Critical thinking is, in short, self-directed, self-disciplined, self-monitored, and self-corrective thinking. It presupposes assent to rigorous standards of excellence and mindful command of their use. It entails effective communication and problem solving abilities. Everyone thinks, it is human nature to do so. But much of the thinking, left to itself, is biased, distorted, partial, uninformed or down-right prejudiced. Yet the quality of life and that of what is produced, make or build depends precisely on the quality of our thought. Shallow thinking is costly, both in money and in quality of life. Excellence in thought, however, must be systematically cultivated.
Critical thinking is that mode of thinking – about any subject, content, or problem in which the thinker improves the quality of his or her thinking by skillfully taking charge of the structures inherent in thinking and imposing intellectual standards upon them. As a result a well cultivated critical thinker:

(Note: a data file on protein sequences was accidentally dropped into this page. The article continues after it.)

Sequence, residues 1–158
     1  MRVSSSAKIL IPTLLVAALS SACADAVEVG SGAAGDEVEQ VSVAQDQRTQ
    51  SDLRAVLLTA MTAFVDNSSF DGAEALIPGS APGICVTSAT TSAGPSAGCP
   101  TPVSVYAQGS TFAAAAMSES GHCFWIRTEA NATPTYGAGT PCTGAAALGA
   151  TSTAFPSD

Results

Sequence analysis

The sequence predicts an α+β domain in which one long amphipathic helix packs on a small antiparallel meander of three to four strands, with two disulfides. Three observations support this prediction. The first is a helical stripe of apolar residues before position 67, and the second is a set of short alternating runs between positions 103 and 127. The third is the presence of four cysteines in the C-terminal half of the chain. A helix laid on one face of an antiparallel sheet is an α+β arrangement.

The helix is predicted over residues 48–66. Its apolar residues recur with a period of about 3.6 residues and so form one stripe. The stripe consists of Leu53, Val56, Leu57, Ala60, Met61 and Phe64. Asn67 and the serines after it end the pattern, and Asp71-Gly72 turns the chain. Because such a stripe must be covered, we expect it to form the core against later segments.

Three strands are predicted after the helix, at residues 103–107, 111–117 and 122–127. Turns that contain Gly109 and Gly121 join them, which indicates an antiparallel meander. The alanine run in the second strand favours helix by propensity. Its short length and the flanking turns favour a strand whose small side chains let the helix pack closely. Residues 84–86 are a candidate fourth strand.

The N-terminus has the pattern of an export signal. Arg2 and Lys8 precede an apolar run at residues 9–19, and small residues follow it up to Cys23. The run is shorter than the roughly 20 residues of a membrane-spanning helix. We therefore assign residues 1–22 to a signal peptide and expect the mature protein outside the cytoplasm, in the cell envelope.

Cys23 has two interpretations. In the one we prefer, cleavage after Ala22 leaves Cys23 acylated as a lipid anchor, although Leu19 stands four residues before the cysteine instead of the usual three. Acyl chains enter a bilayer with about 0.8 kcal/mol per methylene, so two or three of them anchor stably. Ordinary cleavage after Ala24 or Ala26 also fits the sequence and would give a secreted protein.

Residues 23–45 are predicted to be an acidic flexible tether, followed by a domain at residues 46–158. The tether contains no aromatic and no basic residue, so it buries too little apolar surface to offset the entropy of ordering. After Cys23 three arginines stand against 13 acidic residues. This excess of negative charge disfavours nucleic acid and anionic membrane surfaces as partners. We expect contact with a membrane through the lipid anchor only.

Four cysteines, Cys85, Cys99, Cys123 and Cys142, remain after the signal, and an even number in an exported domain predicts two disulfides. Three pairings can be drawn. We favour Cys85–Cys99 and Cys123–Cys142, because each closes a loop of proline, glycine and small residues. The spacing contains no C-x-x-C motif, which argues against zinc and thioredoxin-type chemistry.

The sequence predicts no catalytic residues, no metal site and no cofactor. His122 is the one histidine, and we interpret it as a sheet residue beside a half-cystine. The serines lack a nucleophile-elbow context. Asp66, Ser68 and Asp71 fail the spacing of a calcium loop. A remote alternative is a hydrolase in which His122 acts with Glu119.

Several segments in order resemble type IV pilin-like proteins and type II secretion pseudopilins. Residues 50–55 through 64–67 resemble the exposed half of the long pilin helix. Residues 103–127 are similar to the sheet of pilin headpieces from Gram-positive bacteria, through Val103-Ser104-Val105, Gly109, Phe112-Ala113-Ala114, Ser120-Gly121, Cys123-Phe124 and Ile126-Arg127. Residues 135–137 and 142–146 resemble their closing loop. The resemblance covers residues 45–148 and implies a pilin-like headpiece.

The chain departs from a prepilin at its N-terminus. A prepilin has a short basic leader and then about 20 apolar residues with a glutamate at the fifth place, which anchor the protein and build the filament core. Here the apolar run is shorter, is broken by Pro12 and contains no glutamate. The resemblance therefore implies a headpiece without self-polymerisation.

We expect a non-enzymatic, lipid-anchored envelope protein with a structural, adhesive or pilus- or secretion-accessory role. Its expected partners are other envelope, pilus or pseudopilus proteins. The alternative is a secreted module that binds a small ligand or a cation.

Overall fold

- Raises vital questions and problems, formulating them clearly and precisely;
- Gathers and assesses relevant information, using abstract ideas to interpret it effectively, comes to well-reasoned conclusions and solutions, testing them against relevant criteria and standards;
- Thinks open-mindedly within alternative systems of thought, recognizing and assessing, as need be, their assumptions, implications, and practical consequences; and
- Communicates effectively with others in figuring out solutions to complex problems. (Richard Paul and Linda Elder, 2008)26
Based on David Kolb’s learning cycle and other theories on learning abilities the researcher has focussed the present study on the above mentioned four components namely communication skills, team work, problem solving of learning abilities of the students. Not everyone has the above components of learning abilities skills in equal measure. For this reason, team working is often a key component in problem-solving. Further, skills such as communication and critical thinking are important in finding solutions to the problems. The ICT based interactive teaching programme is designed in such a way that it works to help improvement in the leaning abilities of students.